MARCH 4, 2017 — Before there were smartphones of any kind, there was a brick-like device marketed under the Nokia brand. In those halcyon days of the early 2000s, Nokia was a sturdy device whose form perfectly matched its function.
Though you couldn’t access the internet with it, play games more complicated than “Snake” or ask a disembodied female voice for driving directions, it more than fulfilled its primary mission: making and receiving phone calls.
Then along came the smartphone in the middle of the last decade and it changed history. Within a few business cycles, Nokia, which had been the world’s No. 1 phone, and many of its competitors failed to keep up with the smartphone revolution and fell out of fashion.
In recent years as nostalgia for less complicated mobile devices took hold, the so-called “dumb phones” have enjoyed an uptick in popularity.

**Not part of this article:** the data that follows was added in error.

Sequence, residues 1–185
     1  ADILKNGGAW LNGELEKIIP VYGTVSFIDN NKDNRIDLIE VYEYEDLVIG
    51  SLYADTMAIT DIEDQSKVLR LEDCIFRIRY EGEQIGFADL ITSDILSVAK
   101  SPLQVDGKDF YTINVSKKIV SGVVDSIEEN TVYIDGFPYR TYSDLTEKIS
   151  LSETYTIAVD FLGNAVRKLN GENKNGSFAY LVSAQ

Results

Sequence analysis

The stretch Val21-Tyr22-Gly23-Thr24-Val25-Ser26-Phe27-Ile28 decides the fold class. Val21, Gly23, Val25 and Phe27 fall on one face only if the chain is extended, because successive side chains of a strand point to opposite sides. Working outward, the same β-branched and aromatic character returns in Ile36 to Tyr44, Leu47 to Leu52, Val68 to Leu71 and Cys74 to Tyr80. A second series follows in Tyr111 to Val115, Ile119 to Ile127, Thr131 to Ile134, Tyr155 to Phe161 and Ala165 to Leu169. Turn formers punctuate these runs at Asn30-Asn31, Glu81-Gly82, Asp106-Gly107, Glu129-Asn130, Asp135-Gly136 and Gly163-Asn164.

Leading the pack of dumb phone reboots is the updated Nokia 3310 introduced last month at the Mobile World Congress trade show in Barcelona. With a battery life of a month when switched to standby, it’s far more colorful than its predecessors. It can access the internet, but because it is tied to 2G mobile networks, it does so slowly. Its primary function is to be an efficiently working phone.
Now HMD Global has the rights to make the Finnish company’s phones after purchasing it from Microsoft for $350 million. HMD plans to roll out smartphones, tablets and Android-powered phones with the Nokia label, too. Times are a-changin, but at least those inclined toward old-school phones can engage their nostalgia with a working phone, too.